Google Guitar: Tunes, Tricks, & Torture

And now! For your Googly Tricky pleasure, one of the most popular Google Doodles ever, in honor of Les Paul’s 96th Birthday, the extremely playable Google Guitar. This is just one of Google’s many interactive doodles that sucked hours of time from our lives, replacing them with joy (or something). Enjoy (or en-something).

When Google engineers put together one of their interactive temporary logos—or Google Doodles — it’s always impressive. They’ve turned the homepage into a navigable submarine and a Pac-Man arcade game, for example.

But on June 9th, 2011, Google transformed its unsuspecting web searchers into Guitar Heroes, and they never turned back. For your pleasure and convenience (or in Google terms, “user experience”) we’ve put the fully-functional, playable and recordable Google Guitar right here, so that all you wannabe rock stars can mouse them strings and git rockin’.


The digital simulation of a Les Paul electric guitar, in honor of what would have been the musician and inventor’s 96th birthday, remains one of the most beloved and revisited of all the site’s doodles. And for good reason, since the guitar is a fast-responding, fully playable guitar roughly in the shape of the Google logo. Add the fact that users can record and share the tunes they create, and it’s downright addicting.

More than just a goof, the Google Guitar Doodle boasts 10 strings, with one note on each, ranging from low G to a high B. You can play each string or combination of strings by plucking or strumming over them with the mouse cursor. But it also gives the option to play individual notes using the numbers on the keyboard, which makes it a bit easier to play or compose songs.

Songs played on the guitar are also recordable and sharable. By hitting the record button below the graphic, users can record up to 30-second-long tracks. Once the recording stops, either by hitting the button again or running out of time, a unique URL is displayed links to the user’s song.

To honor the hall-of-fame inductee, Google designers Kristopher Hom, Joey Hurst and doodle team lead Ryan Germick used a combination of JavaScript, HTML5 Canvas (used in modern browsers to draw the guitar strings), CSS, Flash (for sound) and tools like the Google Font API, and App Engine.

The result was a fitting tribute to the musician and relentless tinkerer himself. Paul is the inventor who created the solid body electric guitar, which revolutionized rock and roll and is still the basis for most rock bands. In addition to his most commonly recognized contribution to music, his guitars, he also did a lot of work developing modern music recording techniques, including the practice of multi-track recording, which allows musicians to layer recorded sounds over each other in the studio.

Many musicians still play Les Paul guitars today, and he’s forever remembered as a devoted musician, artist and quirky maker with a never-ending curiosity. You can see why the Google team found him such an important figure to pay tribute to with such a special doodle.

Almost immediately after the logo was posted on June 9, 2011, the guitar was a hit across the Internet. Users were sharing it relentlessly on social media, sending friends their compositions, and bloggers were publishing how-to guides and YouTube videos of the best songs so far.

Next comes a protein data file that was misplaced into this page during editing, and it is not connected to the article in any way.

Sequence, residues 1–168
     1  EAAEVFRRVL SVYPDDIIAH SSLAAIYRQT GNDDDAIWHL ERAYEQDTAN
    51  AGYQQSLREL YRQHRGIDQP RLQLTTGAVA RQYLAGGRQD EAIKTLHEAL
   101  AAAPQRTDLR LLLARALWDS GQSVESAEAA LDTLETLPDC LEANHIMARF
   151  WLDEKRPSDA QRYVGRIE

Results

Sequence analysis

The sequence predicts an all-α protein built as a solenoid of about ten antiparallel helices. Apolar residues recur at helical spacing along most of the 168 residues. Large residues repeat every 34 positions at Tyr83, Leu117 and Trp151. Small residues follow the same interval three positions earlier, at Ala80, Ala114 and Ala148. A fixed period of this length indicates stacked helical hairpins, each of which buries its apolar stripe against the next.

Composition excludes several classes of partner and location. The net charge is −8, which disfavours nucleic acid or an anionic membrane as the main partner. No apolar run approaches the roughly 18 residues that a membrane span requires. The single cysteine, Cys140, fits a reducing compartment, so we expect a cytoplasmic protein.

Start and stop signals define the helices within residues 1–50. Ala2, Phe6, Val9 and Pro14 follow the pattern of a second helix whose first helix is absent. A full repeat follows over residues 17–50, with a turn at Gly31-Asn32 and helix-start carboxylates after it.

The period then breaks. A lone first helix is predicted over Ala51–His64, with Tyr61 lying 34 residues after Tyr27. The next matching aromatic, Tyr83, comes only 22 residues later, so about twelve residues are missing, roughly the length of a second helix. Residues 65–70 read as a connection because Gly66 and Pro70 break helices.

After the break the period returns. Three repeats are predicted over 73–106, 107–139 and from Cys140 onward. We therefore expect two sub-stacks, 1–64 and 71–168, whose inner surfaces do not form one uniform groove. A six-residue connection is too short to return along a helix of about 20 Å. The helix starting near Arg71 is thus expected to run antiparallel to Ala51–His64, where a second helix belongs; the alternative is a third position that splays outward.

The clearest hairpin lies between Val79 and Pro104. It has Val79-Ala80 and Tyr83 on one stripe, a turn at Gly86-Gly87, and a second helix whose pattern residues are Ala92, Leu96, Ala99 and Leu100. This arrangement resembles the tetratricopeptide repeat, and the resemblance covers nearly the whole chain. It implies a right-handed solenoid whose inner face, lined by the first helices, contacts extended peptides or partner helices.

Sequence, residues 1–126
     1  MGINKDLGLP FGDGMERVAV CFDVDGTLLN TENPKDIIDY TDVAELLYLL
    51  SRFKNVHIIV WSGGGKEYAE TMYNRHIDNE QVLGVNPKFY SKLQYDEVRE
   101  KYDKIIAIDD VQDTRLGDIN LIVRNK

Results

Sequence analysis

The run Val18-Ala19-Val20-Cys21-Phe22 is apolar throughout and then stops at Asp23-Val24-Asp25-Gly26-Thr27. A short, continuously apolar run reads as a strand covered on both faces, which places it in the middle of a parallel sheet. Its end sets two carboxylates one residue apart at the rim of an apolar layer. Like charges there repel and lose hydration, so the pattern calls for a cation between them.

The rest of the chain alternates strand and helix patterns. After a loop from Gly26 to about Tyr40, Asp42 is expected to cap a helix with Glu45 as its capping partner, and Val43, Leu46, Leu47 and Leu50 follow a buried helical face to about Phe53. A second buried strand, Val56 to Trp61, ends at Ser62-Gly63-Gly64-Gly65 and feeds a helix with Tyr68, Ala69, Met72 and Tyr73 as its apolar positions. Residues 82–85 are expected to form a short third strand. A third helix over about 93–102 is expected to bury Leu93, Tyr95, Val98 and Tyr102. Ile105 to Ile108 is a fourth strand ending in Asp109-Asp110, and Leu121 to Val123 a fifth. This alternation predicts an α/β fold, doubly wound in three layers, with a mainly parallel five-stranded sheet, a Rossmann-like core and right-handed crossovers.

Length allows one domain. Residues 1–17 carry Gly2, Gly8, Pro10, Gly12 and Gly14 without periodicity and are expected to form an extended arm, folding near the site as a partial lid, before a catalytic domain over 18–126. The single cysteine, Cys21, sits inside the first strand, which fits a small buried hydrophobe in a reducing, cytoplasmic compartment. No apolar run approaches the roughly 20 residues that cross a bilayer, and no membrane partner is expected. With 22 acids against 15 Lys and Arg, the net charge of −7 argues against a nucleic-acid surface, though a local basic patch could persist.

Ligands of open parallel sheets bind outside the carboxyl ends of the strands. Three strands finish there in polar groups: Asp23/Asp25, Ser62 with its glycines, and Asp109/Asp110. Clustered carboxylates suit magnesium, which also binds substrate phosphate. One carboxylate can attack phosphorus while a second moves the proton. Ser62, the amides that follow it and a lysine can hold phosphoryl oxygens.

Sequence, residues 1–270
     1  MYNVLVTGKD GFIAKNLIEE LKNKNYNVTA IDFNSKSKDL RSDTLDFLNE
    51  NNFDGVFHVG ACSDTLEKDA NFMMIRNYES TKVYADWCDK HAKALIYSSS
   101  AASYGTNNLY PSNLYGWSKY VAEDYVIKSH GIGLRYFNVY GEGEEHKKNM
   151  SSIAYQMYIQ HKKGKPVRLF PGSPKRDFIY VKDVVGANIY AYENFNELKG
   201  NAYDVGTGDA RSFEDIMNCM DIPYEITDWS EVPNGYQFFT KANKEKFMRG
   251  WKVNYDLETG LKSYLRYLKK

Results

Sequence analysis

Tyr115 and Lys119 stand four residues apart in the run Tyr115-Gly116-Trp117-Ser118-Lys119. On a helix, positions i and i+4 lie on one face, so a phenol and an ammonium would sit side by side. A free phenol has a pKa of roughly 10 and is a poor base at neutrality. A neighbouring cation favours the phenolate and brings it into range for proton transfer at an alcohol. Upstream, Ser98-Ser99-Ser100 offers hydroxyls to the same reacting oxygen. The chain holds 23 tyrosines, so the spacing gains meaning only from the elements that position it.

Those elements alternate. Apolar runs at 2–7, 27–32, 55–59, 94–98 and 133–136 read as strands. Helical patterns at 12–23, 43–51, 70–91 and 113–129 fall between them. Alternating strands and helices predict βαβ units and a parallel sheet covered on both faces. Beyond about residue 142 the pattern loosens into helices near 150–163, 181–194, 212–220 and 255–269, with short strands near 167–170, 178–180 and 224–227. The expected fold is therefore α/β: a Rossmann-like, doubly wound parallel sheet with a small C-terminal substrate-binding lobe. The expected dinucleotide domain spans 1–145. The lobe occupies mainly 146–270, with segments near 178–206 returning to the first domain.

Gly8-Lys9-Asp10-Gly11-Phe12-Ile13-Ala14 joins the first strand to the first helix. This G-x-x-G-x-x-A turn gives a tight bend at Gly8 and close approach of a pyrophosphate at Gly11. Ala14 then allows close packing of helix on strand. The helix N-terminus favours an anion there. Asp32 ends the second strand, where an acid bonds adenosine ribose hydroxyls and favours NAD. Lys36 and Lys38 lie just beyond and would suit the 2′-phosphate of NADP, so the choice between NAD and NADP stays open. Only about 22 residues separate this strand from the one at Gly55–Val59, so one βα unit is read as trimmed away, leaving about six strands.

Google posted the following update:

“Update Jun 17: Wow—in just 48 hours in the U.S., you recorded 5.1 years worth of music—40 million songs—using our doodle guitar. And those songs were played back 870,000 times!”

In fact, the productivity site RescueTime conducted an analysis of its users’ time spent on the doodle during its 48-hour original posting, and extrapolated that the world spent 5.3 million hours playing the Google Guitar! The site estimated that the average user spent about 26 seconds (not quite a full song recorded) more time at Google than on a usual day. That adds up to the equivalent of an estimated $134 million in lost productivity.

I think most desktop shredders would consider that time well spent. And the results were pretty impressive. Some of the songs mastered by Google Guitar users were:

  • Iron Man, by Black Sabbath
  • Billy Jean, by Michael Jackson
  • Ode To Joy, from Ludwig van Beethoven’s Symphony No. 9
  • One, by Metallica
  • Here Comes the Sun and Hey Jude, by the Beatles

And one band, The Knight Owls, recorded an original song in six hours, using and inspired by the Google Doodle.

So how do you play?

1. Each string is a note, not surprisingly. Toward the left side of the doodle, from top to bottom, the notes are:

  • C, E, G
  • (the string across the middle), B, G, B
  • And on the right side: A, D, F#, A

2. The keyboard can be used to play the notes, using the number keys, but also each letter directly below will play the same note as well. For example, 1, Q, A, Z will all play the same string (the G across the center of the doodle). The notes are assigned as follows, starting with the lowest G and moving higher.

  • 1 = G
  • 2 = A
  • 3 = B
  • 4 = C
  • 5 = D
  • 6 = E
  • 7 = F#
  • 8 = G
  • 9 = A
  • 0 = B

3. You can also strike multiple keys at once to play some basic chords. For the musically challenged, playing different combinations of notes together forms a chord. Imagine a chorus of singers, each hitting a different note create one full, warm sound. Here are a few chords:

  • G Major = 1, 3, 5
  • C Major = 4, 6, 8
  • D7 Major = 4, 5, 7, 9 (inverted for Google guitar)

4. Songs! Here are a few number sequences to play some basic songs:

  • Twinkle Twinkle Little star: 1155665 4433221 5544 332 5544332 1155665 4433221
  • The Godfather theme tune: 3-6-8-7-6-8-6-7-6-4-5-3
  • Duelling banjos: 7 8 9 7 8 6 7 5 6 7 8 9 7 8 6 7 5 62 5 5 6 7 5 7 6 5 5 5 8 5
  • Smoke On The Water: 2-4-5 2-4-6-5 2-4-5 4-2

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